Orthodox Christianity is certain that it needs a physically resurrected Jesus as clearly and unambiguously stated in its creeds and doctrines. The teaching is that because Jesus was physically raised from the dead so all who believe in Jesus [and can say the ‘magic’ words of repentance] will live forever in an eternity praising God. However, many followers of the Jesus Way have no need of a bodily raised Jesus. A physical resurrection is irrelevant to our discipleship.
Since my book ‘Setting Jesus Free’ was published I have been asked many times, “Well, do you believe in the resurrection of Jesus and of eternal life for believers? Yes or no?”
My answer is like that of the many politicians who all compete for our votes come an election: “Well, it’s both ‘yes’ and ‘no’!”
This response is often followed up with a supplementary question that goes something like, “But the creeds of the church tell us that Jesus was physically raised from the dead, so, do you believe in a physical resurrection of Jesus to be followed by our own physical resurrection into an eternal afterlife?”
My answer is “Physical? No, I don’t.”
The conversation often then progresses to the next supplementary, more of an accusation than a question: “Then what do you believe about resurrection, eternity and life beyond the grave?”
My response is always, “I believe, most emphatically, in the ongoing presence of the same sacred spirit that was in Jesus also being in you and me. It is the same sacred spirit as that within Hinduism and referred to as the Namaskaram / Namaste Spirit that indwells all people. The metaphor that appeals to me is borrowed from Buddhism: that the sacred Spirit is like an eternal river that has no beginning and no end. It flows continually. At a given point we were each created as body [each one a genetically modified version of flesh and bone] and mind [created through the nurture of our particular culture, education and family situation]. These are the ‘hat’ and ‘coat’ of that which we call ‘soul': the eternal Spirit indwelling each and every one of us.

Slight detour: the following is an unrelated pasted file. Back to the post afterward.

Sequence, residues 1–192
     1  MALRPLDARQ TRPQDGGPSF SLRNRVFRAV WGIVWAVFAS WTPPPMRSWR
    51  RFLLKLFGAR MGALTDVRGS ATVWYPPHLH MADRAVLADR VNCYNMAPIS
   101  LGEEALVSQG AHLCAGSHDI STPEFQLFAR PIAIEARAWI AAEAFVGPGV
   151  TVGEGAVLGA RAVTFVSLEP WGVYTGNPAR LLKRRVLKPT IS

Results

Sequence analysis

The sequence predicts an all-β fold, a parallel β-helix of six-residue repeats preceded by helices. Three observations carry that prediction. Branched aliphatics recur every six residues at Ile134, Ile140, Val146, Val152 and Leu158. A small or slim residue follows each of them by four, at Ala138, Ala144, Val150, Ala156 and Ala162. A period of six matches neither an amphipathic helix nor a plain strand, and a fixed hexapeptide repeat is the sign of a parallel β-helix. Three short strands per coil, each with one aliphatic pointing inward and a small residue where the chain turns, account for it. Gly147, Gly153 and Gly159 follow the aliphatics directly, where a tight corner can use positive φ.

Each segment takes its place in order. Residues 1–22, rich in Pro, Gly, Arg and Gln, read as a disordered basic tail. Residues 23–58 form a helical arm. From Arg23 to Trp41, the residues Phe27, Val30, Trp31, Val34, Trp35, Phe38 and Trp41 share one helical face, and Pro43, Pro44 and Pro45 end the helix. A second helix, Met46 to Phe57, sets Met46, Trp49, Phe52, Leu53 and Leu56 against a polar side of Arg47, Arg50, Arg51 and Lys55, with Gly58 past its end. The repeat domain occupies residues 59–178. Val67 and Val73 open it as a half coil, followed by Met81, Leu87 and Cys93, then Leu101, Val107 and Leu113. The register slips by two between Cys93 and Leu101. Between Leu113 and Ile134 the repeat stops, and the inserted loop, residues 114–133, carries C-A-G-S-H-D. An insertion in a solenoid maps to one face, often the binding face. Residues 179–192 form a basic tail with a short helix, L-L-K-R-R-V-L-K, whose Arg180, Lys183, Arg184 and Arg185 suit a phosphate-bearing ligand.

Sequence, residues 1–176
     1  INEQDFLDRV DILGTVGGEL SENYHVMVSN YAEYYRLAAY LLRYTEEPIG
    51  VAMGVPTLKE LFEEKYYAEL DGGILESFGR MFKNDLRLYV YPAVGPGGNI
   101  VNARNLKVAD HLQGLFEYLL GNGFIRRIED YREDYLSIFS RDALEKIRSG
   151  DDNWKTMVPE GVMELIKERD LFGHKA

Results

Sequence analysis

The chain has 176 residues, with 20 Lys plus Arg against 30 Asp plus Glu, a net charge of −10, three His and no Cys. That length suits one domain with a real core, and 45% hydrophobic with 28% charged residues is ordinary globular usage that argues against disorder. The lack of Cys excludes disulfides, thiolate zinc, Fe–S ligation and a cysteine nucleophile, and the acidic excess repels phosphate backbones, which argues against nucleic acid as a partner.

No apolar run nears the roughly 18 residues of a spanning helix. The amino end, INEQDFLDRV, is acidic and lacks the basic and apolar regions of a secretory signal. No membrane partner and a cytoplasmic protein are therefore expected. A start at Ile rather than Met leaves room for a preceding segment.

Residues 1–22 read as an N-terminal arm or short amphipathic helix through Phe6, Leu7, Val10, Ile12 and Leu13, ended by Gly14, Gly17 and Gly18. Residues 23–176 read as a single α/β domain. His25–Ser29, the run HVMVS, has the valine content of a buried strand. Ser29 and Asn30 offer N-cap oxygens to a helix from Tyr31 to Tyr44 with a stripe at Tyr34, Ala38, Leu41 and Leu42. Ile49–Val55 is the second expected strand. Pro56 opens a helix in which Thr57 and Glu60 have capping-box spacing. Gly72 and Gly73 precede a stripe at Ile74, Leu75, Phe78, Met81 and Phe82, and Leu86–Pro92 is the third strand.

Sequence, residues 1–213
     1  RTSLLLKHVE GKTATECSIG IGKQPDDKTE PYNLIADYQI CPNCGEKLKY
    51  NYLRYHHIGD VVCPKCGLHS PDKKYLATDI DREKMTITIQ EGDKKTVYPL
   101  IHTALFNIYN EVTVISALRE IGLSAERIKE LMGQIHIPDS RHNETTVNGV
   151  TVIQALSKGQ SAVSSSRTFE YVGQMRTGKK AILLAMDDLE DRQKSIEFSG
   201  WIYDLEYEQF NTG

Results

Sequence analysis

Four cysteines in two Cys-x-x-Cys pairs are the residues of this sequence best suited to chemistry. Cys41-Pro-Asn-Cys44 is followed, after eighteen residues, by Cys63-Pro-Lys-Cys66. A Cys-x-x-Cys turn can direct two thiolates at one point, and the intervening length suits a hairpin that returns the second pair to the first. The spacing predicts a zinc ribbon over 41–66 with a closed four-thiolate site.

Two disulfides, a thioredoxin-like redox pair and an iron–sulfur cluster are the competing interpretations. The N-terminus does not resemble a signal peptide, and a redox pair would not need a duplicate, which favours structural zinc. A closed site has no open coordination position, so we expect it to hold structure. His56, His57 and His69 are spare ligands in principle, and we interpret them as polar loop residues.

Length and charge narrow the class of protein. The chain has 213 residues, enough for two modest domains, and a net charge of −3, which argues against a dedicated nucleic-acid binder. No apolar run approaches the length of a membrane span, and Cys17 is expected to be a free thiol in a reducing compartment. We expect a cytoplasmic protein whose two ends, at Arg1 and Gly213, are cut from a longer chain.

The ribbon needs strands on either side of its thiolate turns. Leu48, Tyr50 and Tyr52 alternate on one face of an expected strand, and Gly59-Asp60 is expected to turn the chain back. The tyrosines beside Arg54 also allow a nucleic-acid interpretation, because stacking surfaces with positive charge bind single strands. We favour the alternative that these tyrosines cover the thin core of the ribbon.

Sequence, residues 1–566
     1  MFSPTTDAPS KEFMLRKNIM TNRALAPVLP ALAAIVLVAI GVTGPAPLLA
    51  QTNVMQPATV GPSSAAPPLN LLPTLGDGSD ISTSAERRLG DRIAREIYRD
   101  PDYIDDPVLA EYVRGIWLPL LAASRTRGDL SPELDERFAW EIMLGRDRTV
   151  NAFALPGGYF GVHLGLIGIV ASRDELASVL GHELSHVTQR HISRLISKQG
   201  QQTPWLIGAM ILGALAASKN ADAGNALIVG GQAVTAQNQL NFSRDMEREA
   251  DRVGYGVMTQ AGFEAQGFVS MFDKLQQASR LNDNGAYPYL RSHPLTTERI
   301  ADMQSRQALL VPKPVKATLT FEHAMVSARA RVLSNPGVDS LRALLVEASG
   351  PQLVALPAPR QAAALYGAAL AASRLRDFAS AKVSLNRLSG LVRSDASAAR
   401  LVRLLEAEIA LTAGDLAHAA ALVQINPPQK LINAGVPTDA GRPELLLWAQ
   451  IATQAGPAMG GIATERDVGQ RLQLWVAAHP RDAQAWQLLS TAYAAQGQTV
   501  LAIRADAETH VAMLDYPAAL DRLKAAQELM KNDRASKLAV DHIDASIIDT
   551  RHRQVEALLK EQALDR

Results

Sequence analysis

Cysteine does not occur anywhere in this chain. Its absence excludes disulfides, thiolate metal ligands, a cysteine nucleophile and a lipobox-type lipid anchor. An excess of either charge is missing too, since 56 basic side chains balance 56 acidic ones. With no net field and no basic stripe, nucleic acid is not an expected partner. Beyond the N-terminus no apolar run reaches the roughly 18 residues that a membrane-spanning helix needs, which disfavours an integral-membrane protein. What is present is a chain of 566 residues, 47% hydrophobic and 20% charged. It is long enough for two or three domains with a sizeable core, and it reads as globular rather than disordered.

As I understand it, the Christian emphasis seems to be that the body and mind are the central parts of what it means to be ‘human’ and it is almost the subservient soul connecting us to God. But I approach this from the other direction, that what it really means to be human is the soul, and the body and mind are subservient to the soul.
The fact that I was born and raised in a ‘Christian’ country meant that my gateway into the sacred experience was and remains the Jesus of the Christian Church. Had I been born in Mumbai my gateway may well have been through Hinduism. Had I been born in Karachi my gateway would probably have been Islam. Had I been born in Tel Aviv the gateway more than likely would have been Judaism. And so on.
But no matter what label is attached to the gateway it is the same sacred Spirit within us all. The day will come for each one of us when the ‘hat and coat’ are no longer necessary and both are cast away in death. But the eternal Spirit [the soul] that Christian teaching has called the Alpha and the Omega continues to flow as that metaphoric sacred river that is without beginning and without end. In taking this line:
An email was sent to me in the lead up to Easter 2010 by a reader of the sermons on my website. Although I have taken poetic license and edited his email, he summed up where I am in the following words: “The point is to be Jesus, not just a follower or believer in, but to walk in his shoes. Whether the stories are true isn’t the point. The point is to learn from the parables, myths and stories to help you to lead a better, more fulfilled, caring and socially motivated and connected life and to feel closer to whatever is the mysterious energy that we call god.”
So is there an afterlife and if so, what is the nature of eternal life?
My answer again is, “Yes there is eternal life but it is not to be interpreted literally as being endless time spent in the celestial city paved with gold, with each of us raised to incorruptible bodies that will have cleansed minds recognising loved ones.”
I am convinced that the eternal after life is the same as the eternal before life. It is the soul within each one of us as that metaphoric river without beginning and without end. Our body and mind [the hat and coat of the soul] will die at the moment of death. But the essential part of each one of us is that eternal soul that has always existed and will always exist.
However, to interpret body, mind and soul in this way we need to rethink the centrality of the soul and the subservience of the body and mind. Although my body will decay and my mind will cease to operate, my soul [which is the Namaskaram / Namaste Spirit that indwells all people] was never born and can never die. It is from eternity that my soul has come and it is into eternity that my soul will continue simply because my soul [and your soul] is the eternal sacred.